Removing Peter Dinklage and using Nolan North going forward in Destiny is something I can't readily find an analogue for. It's the sort of thing hundreds of developers would do, if they could; a do-over. What I say in the strip is true, though: I will miss the original in a weird way. The structure of Destiny means that you go back through content all the time, and its success is in creating a kind of mantra out of its gameplay. When Gabe and I are in a mission, we say the lines along with him, or we respond to him like it's a conversation - it's Rocky Horror Picture Show in space, with guns.
I met a dude named Jake a long time ago, when his company 17-Bit sent a cake to the office that had a code for Skulls of the Shogun written on it in frosting. I think his wife did it? I really liked that game. And not just on account of the cake.
Is there a term for these unforgiving, unrelenting grudgefuck games that are so hot now? Think about From Software's recent output, Darkest Dungeon, that kind of stuff. If there isn't, I nominate "grudgefuck." I was surprised to see that Galak-Z had become a game of this type since I played it last, but then, what I saw had just pecked its way out of the egg.
A couple years ago, I tried unsuccessfully to play Galak-Z in what is styled the "Indie MEGABOOTH," back when I spent most of my time at the show there. It had a warping, writhing cloud of people around it, swirling like something between a migratory flock and raw motion capture data. In a way, it was good: they were right across the lane from Aztez that year, an unreleased game I still think about every couple days, and I might never have seen it if I'd just went right to the spaceship game. I wasn't able to play Galak-Z until much later, which is where it became clear exceedingly quickly that they had committed themselves to a kind of demon hybrid of Halo and Time Pilot, or, for the young, Halo and Luftrausers. What I played was simply the proof that they had something when I was circle-strafing a space bug while getting shit talked by space jerks. I bought in fully to its Firefight in space dealio. It wasn't a "roguelike," not yet, and I remember collecting mats to craft shit but he says that wasn't in there. I don't believe him. In any case, handmaking levels after that one was right out. From there, it apparently got procedural for real.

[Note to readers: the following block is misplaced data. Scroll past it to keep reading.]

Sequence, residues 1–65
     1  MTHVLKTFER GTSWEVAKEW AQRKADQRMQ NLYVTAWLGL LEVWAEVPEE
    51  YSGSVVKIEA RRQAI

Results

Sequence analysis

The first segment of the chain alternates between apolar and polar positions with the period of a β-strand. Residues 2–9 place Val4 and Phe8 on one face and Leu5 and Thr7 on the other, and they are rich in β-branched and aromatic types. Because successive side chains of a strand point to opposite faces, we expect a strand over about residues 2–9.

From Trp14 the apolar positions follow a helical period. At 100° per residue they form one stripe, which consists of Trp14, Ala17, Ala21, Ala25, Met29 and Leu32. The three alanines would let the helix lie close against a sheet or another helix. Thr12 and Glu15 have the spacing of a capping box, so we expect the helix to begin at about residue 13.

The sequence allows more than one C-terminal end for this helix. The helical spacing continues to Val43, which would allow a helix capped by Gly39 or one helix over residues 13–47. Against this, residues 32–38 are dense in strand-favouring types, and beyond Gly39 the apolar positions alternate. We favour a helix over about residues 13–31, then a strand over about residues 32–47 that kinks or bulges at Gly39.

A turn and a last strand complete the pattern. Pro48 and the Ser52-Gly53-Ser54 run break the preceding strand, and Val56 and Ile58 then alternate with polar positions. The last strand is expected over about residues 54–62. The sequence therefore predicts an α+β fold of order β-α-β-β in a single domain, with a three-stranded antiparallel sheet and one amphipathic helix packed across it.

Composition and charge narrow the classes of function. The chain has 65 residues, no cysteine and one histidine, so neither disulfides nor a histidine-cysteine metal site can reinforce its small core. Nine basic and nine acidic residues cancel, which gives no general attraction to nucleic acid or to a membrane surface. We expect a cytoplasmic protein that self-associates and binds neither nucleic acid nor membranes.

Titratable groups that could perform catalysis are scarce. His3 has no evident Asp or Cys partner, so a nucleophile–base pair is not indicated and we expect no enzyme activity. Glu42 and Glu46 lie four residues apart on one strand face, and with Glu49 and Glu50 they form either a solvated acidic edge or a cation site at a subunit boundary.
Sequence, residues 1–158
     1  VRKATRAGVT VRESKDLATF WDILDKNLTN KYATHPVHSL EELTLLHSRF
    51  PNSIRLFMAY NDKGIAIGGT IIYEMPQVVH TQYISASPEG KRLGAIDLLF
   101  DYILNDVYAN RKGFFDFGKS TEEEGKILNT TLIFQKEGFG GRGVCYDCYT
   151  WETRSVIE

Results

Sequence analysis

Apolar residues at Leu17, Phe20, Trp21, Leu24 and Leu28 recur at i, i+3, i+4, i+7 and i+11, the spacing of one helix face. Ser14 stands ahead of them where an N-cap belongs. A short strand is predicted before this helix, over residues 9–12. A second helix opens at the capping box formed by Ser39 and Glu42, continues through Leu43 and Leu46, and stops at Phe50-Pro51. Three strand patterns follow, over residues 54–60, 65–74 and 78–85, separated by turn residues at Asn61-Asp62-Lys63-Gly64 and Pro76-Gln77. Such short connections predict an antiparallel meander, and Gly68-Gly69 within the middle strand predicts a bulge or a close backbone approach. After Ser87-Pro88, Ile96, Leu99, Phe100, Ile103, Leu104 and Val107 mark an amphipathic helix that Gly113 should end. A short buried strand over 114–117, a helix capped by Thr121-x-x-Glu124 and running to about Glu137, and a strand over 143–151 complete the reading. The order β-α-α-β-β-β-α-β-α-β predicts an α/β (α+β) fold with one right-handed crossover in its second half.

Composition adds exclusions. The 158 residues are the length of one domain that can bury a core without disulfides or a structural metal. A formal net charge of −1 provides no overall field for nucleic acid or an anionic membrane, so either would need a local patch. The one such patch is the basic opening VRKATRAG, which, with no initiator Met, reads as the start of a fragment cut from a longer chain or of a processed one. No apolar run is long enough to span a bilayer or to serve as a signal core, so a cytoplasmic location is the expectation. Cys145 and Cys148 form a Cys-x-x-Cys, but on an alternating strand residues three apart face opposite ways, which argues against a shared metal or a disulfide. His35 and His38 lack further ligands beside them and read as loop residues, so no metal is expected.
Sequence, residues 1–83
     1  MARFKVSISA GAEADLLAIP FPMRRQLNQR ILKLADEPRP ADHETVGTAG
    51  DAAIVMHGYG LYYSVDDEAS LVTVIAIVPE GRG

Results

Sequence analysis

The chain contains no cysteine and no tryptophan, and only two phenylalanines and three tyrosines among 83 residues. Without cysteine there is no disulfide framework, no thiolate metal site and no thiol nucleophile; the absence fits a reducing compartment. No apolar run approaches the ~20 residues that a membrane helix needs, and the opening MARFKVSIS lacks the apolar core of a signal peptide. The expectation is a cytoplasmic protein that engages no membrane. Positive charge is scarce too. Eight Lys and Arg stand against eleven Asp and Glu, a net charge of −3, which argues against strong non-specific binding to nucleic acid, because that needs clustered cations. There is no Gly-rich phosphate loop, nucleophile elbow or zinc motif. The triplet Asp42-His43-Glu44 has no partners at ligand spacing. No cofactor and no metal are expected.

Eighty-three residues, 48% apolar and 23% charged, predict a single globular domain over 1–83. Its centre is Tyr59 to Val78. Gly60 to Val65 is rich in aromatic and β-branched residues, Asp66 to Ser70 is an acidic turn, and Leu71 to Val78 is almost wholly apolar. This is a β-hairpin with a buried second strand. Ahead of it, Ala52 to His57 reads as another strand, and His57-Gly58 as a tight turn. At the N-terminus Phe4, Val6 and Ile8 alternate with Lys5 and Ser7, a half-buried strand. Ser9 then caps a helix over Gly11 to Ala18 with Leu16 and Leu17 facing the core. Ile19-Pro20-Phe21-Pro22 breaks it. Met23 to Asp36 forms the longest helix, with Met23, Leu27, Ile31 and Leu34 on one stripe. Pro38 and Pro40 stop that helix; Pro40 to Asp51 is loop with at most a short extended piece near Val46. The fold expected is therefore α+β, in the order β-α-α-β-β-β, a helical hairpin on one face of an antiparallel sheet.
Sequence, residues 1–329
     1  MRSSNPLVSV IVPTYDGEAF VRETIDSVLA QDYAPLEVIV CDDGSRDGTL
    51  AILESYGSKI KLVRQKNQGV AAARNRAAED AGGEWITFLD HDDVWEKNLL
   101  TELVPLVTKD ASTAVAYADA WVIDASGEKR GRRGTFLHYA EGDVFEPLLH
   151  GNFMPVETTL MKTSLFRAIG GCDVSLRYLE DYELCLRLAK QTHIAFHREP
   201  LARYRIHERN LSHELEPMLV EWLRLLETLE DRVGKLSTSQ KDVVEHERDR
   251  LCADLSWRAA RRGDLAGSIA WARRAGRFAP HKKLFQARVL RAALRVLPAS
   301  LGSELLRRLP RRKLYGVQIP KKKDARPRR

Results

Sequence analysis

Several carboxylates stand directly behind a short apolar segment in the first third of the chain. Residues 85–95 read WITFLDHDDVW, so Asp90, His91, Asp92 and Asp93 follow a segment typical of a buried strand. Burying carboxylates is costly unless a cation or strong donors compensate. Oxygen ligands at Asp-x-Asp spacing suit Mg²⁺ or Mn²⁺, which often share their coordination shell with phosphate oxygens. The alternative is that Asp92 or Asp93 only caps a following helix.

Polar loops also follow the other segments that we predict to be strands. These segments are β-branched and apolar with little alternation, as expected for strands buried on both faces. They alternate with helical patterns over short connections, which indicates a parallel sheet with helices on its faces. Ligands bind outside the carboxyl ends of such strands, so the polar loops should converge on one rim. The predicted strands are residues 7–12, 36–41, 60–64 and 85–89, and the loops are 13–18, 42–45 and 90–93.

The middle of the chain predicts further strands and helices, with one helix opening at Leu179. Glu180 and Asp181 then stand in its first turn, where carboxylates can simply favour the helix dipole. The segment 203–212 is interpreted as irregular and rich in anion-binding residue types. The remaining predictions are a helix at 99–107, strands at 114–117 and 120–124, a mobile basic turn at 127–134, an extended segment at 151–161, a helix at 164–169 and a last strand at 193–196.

I'm only now getting started with it, and wow. I died - died died - in real Galak-Z on level 1-3. This isn't a fuck around type game. You can earn an ur-currency that persists between playthroughs that allows a re-do, but it's so precious that you're loath to use it. I had to set the controller down and have a think. You have to play through an entire five level season to "save," in the classic sense, in the same way you have to Link a fire in Dark Souls or Light a lantern in Bloodborne. And that's how I'm going to have to think of it, the underlying structure, even though to look at it there are bright colors and lots of shooty shoots. Like Super Time Force, which seems to be a retro nostalgia platformer but is not, it's fun to see what happens when people blast their bedrock influences into dust, add water, and spin them on a wheel.